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Discussion Starter #1
Hi, mostly asking the professional smiths on this forum;



what trigger gauge to you use to check weight? brand and type?

Where on the trigger do you make contact with the trigger contact point of the gauge?



Do you feel there are any possibilities to get inaccurate readings because of inconsistent methods?



Is it me, or would it seem that striker fired pistols with a long range of pretravel may be more difficult to get consistent?



And finally, do you take a series of pulls and average them to get a final reading?





thanks!
 

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olyeller said:
Hi, mostly asking the professional smiths on this forum;
I'm not a professional smith, but it is my last name and it is my carry gun. 8)



what trigger gauge to you use to check weight? brand and type?
I use this one: http://www.brownells.com/aspx/NS/store/Pro...GGER+PULL+GAUGE



Where on the trigger do you make contact with the trigger contact point of the gauge?
The lower portion so that it mimics a the pull of a finger. :wink:



Do you feel there are any possibilities to get inaccurate readings because of inconsistent methods?
I think probably so. The more pressure you put against the tool, the more it will register. I go nice and easy until the trigger breaks and I try to minimize any further and unnecessary rearward movement.



When I had my carry guns inspected, the armorer's method was to use the pistol to pick the gauge up off the table and then actually jerk the gun.



Is it me, or would it seem that striker fired pistols with a long range of pretravel may be more difficult to get consistent?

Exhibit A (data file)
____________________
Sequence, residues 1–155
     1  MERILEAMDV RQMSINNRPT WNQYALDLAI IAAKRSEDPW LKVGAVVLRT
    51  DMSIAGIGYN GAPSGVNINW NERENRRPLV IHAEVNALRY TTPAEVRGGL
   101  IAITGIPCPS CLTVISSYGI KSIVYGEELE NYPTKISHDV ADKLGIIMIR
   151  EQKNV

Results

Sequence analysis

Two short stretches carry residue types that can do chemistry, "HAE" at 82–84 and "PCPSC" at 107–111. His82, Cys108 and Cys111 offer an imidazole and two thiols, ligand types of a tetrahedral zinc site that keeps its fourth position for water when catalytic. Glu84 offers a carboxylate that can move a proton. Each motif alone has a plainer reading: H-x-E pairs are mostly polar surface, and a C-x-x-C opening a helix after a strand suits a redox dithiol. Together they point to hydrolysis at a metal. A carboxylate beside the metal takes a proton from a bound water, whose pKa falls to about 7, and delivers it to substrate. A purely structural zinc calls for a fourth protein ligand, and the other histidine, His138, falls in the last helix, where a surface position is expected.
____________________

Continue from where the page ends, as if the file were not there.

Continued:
With a digital gauge where even the slightest variations register, they are all the same to me. Striker fired or otherwise.



And finally, do you take a series of pulls and average them to get a final reading?
I do. I measure it 10 times and take an average. My gauge even does the math for me.



 

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That pretty much covers it. A good digital scale will record the # at its highest point, so after the trigger breaks you still have the pull weight!
 

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Pretty much the the accepted "best method" is to use a set of NRA trigger weights. Having calibrated mass hanging on the trigger is the least error prone method of measuring. No issues with trying something hard like calibrating a spring or making sure your stress meter is not out of whack over time or becuase the temperature changed or something.



It's most common to measure from the position on the trigger that gives you the most leverage, as people seem to mind more if you go under a certain weight than over by a little. If you tell someone it si a 4lb trigger, you want to to be at least a 4lb trigger, not 2.8lb if i grab it funny.
 

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Discussion Starter #5
Any pros?
 

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I'm not a gunsmith, but raz-o's method (and the use of a professional NRA weight set) is what I've always done and seen used by professionals. I have a set at home.



Measuring trigger pull can be as much an art as a science and it's not at all difficult to fudge readings by changing technique slightly.
 

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Discussion Starter #7
exactly.

I can add or minus a pound easily, just by making an unnoticable adjustment in my technique.



A point is that one person's 3# trigger isnt another 'smiths 3# trigger.



Not a big deal, really, cause the average shooter would believ that a crisp #5 trigger is really a 3# one.
 

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Well, there is a proper way to do it, as raz-o explained. But you're correct, a 'smith could fudge it one way or the other if he chose to and most customers don't have their own NRA weight set at home.



I'd also argue that a crisp 5# trigger is better for almost every endeavor than a less crisp 3# trigger, but then that's been my personal crusade lately.
 

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yeah, I left out one important bit. That the weight is applied by VERY slowly lifting the gun against the weight. The gun of course needs to be unloaded for safety.



You lift the gun a little faster, the trigger looks a little lighter than it is.
 

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My goal is always, "don't trip the trigger." I try as hard as I can -- go as slow as I can -- to prevent the trigger from breaking.
 
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